Naor, D. and Brutlag, D. L. (1993). On Suboptimal Alignments of Biological Sequences. Padova, Italy: Springer-Verlag, 179-196.
University School of Medicine, Stanford
It is widely accepted that the optimal alignment between a pair of proteins or nucleic acid sequences that minimizes the edit distance may not necessarily reflect the correct biological alignment. Alignments of proteins based on their structures or of DNA sequences based on evolutionary changes are often different from alignments that minimize edit distance. However, in many cases (e.g. when the sequences are close), the edit distance alignment is a good approximation to the biological one. Since, for most sequences, the true alignment is unknown, a method that either assesses the significance of the optimal alignment, or that provides few ``close'' alternatives to the optimal one, is of great importance.
A suboptimal alignment is an alignment whose score lies within the neighborhood of the optimal score. It is therefore a natural candidate for an alternative to the optimal alignment. Enumeration of suboptimal alignments is not very useful since there are many such alignments. Other approaches that use only partial information about suboptimal alignments are more successful in practice.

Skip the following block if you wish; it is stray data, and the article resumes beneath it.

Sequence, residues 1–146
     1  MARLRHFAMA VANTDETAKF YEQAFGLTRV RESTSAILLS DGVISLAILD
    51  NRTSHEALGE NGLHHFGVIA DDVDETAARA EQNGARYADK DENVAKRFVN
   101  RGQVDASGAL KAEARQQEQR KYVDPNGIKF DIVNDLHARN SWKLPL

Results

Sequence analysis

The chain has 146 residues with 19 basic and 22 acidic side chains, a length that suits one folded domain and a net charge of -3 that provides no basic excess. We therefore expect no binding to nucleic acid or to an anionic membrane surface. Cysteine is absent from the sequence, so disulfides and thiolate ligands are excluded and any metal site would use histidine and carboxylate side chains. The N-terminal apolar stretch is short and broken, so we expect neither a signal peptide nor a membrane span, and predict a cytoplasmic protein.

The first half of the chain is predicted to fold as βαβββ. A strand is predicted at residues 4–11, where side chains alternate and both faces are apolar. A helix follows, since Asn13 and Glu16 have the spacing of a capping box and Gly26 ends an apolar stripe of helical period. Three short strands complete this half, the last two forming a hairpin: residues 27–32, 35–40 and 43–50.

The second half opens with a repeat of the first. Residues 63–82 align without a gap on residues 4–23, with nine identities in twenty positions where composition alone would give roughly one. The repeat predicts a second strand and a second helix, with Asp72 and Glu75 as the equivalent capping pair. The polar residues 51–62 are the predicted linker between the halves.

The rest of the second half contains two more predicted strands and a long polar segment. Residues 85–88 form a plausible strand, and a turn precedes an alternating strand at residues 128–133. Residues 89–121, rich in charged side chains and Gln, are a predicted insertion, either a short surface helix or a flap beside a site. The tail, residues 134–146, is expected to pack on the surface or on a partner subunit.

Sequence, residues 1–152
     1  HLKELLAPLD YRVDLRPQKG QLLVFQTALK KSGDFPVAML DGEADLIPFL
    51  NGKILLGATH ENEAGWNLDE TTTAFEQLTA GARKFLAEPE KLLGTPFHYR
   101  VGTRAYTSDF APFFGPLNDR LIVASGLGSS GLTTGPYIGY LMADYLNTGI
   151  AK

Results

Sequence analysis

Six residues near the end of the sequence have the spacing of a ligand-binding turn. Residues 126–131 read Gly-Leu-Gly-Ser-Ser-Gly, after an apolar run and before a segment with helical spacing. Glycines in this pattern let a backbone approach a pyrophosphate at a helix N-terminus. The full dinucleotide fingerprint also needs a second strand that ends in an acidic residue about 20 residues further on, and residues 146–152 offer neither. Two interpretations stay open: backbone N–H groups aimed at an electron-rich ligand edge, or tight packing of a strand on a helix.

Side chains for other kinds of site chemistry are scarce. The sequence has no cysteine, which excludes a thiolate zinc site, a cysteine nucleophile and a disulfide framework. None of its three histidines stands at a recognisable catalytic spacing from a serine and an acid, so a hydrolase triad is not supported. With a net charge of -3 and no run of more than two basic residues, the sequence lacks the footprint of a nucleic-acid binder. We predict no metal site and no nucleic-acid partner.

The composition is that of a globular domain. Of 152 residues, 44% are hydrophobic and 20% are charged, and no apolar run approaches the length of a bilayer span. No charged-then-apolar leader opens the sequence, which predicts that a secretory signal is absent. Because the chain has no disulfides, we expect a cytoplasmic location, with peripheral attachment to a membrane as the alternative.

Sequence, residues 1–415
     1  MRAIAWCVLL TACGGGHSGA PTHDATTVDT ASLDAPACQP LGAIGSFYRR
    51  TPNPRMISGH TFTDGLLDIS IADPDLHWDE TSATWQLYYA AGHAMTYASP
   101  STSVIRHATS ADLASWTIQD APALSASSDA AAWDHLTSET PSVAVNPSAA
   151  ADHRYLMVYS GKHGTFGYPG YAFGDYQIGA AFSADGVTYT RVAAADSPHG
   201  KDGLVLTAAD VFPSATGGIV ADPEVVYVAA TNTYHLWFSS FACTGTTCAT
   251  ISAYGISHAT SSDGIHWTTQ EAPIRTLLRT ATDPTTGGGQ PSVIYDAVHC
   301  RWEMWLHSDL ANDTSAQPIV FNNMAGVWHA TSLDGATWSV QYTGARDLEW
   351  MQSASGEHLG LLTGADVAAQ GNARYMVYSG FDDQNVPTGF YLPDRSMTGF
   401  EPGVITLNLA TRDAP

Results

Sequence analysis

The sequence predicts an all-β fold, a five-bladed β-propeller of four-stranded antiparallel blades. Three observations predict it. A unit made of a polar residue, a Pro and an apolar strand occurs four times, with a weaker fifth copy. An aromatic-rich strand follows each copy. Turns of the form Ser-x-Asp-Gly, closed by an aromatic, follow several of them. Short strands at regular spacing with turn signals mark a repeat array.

In this paper we study the combinatorial nature of suboptimal alignments. We define a set of ``canonical'' suboptimal alignments, and argue that these are the essential ones since any other suboptimal alignment is a combination of few canonical ones. We characterize the canonical alignments, and then show that for the additional cost of one edit distance computation a compact representation of all of them can be obtained. This representation represents all non-canonical suboptimal alignments as well, allows efficient enumerations of various sets of suboptimal alignments, and allows counting the number of suboptimal alignments. The implementation of this representation is now under development, and its applicability to real data is tested. Preliminary examples are presented to motivate the problem.
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